Cricket second test: Root and Bairstow impress

Hamish Rutherford is unable to stop Joe Root getting the ball away as he headed for his century. Picture: Getty
Hamish Rutherford is unable to stop Joe Root getting the ball away as he headed for his century. Picture: Getty
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AFTER the disappointment of Friday’s washout, Headingley was yesterday resplendent in sunshine throughout an engaging day’s cricket.

England captain Alastair Cook won the toss and elected to bat without hesitation. It proved successful, at least until the second new ball, but any score around 300 was going to be good as the ball moved around all day.

In the end 337 for seven represented a fine day’s work for England, enhanced by a brisk late 38 from Matt Prior, accompanied by 21 from Graeme Swann.

Nevertheless, Cook will be rather thankful to two local boys, Joe Root and Jonny Bairstow, who both received loud welcomes when they walked to the crease and they did not disappoint the Yorkshire faithful as their fifth-wicket partnership of 124 ensured it was England’s day. The game was in the balance and New Zealand believed one more wicket would expose the lower order. Matt Prior, low on confidence after his pair at Lord’s, was followed only by the bowlers.

Instead the two young Yorkshire players batted impressively and often with great joy. They have known each other from age group cricket through to the professional game and are great mates. This bond clearly helped both of them.

Huge cheers from the parochial crowd helped as well, with every boundary received as if it was the winning run in any match between the white and red rose counties but none more so than the fine cut that raised Root’s century.

It was a superb innings, his maiden Test century and for a proud Sheffield lad he is now the only 
Yorkshireman to have scored his first Test century at Headingley. His has been an extraordinary rise from debuting in India in the winter to now being a pivotal part of the England middle order.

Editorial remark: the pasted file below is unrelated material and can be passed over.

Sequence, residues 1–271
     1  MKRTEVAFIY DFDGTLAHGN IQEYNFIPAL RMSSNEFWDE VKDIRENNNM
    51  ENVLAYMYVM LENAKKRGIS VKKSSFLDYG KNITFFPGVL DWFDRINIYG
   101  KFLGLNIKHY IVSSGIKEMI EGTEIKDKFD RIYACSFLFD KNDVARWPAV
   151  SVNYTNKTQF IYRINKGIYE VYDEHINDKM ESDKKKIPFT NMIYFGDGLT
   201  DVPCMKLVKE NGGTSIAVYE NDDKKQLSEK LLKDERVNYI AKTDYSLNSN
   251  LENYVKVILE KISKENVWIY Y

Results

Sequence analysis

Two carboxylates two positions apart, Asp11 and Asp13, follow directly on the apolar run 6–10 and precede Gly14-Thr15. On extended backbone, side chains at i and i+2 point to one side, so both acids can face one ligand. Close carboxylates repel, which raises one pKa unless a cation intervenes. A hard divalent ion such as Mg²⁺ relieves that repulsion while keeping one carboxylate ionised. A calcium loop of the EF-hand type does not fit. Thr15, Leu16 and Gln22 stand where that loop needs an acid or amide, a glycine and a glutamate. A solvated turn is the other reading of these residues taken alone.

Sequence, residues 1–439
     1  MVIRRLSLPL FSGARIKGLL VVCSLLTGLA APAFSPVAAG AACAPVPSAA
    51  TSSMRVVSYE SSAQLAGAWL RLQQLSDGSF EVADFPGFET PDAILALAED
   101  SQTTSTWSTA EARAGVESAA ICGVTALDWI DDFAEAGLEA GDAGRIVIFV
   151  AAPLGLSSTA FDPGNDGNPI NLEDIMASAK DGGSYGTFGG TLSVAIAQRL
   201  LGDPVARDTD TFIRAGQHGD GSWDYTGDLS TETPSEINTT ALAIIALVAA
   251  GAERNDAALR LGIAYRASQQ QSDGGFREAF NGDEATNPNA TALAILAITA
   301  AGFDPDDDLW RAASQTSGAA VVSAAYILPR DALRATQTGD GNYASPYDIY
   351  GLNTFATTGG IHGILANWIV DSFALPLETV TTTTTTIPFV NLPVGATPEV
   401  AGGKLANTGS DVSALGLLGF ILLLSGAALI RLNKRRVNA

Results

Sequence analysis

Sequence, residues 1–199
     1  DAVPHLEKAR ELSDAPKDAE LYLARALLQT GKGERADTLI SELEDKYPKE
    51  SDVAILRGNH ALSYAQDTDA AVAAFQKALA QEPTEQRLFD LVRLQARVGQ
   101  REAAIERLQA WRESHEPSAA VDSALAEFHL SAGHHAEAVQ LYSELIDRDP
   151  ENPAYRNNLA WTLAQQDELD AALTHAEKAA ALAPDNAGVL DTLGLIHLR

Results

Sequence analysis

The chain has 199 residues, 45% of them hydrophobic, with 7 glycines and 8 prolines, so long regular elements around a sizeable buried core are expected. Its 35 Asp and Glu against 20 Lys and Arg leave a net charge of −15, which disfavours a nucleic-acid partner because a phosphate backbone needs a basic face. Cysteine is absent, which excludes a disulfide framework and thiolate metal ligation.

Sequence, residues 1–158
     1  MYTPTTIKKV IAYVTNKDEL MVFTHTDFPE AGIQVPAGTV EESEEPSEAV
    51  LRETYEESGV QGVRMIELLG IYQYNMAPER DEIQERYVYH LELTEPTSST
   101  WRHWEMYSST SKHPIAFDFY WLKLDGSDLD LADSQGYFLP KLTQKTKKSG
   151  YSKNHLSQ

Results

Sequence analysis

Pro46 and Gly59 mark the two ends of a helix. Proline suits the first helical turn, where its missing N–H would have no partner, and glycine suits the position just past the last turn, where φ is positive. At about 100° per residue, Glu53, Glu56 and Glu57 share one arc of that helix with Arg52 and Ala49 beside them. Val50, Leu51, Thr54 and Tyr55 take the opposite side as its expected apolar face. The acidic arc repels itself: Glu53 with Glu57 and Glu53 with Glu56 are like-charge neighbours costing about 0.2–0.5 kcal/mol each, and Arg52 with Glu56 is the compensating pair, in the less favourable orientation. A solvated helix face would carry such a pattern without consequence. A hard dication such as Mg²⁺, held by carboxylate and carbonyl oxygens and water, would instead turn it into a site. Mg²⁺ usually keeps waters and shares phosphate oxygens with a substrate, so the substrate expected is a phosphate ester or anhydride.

With Kevin Pietersen injured it is just as well he has, otherwise England would be struggling.

He is a throwback rather than a modern batsman. The vogue today is for strong hitters schooled on bowling machines with big forward strides and hard, powerful hands hitting through the line of the ball. On flat wickets it is imposing but, when the ball swings or nips off the pitch, it finds edges and gaps between bat and pad.

Root’s great mate Bairstow exemplifies this with a much brasher, more aggressive style. Root does none of that. He uses finesse and touch, a rapier rather than a bludgeon.

It was noticeable from the moment he scratched guard that he played the ball much later than others and was prepared to move back much more. He waited for the ball to come completely to him and played it right under his nose with soft hands.

It is a great skill but it is how most batsmen used to play in bygone 
decades. Harder pitches, bigger bats and a much more aggressive tempo to the game in general have diminished that way of playing but it has many merits and Root is a wonderful exponent. It suits his temperament. He is as phlegmatic and grounded as any senior, wizened old “pro”, which, considering he is only 22 years old, is magnificent.

But he is not some stodgy old sod blocking for dear life and hanging on in hope of a score. He accumulates at a steady tempo but eschews unnecessary risk, particularly early in an innings. As Root spends more time at the crease he does unfurl some wonderful shots but never in a grandstanding manner, more like a slightly flamboyant surgeon.

And the proof that, while adopting the technique of years ago to defend, he is not just a newer version of a crusty old timer, is his use of sweeps and reverse sweeps in all forms of the game. Where the reverse paddle used to be the sole preserve of one-day cricket, the younger generation brought up on T20 have practised varying scoops, paddles, flicks and sweeps so much that they are totally confident using them all the time.

Bairstow is similar in that regard and, after a rather nervy start, he blossomed with some lovely drives and clips through midwicket. It was a shame for the crowd that the new ball did for him as well as Root but his 64 was an important innings, for himself as he is probably the weakest contender when Pietersen returns, but also for the selectors.

Despite the decree from management that the Ashes must not be mentioned, all know that Pietersen, injury notwithstanding, will come back in to the team and so someone has to make way.

The only way to avoid that is to make runs. Nick Compton failed once more and with Root so composed and productive in the middle order, it is easy to consider him partnering Cook which would give Bairstow a lifeline.

For England today, though, the need is for the ball to continue to swing once New Zealand are in. If it does then wickets should fall and the Test match will progress swiftly.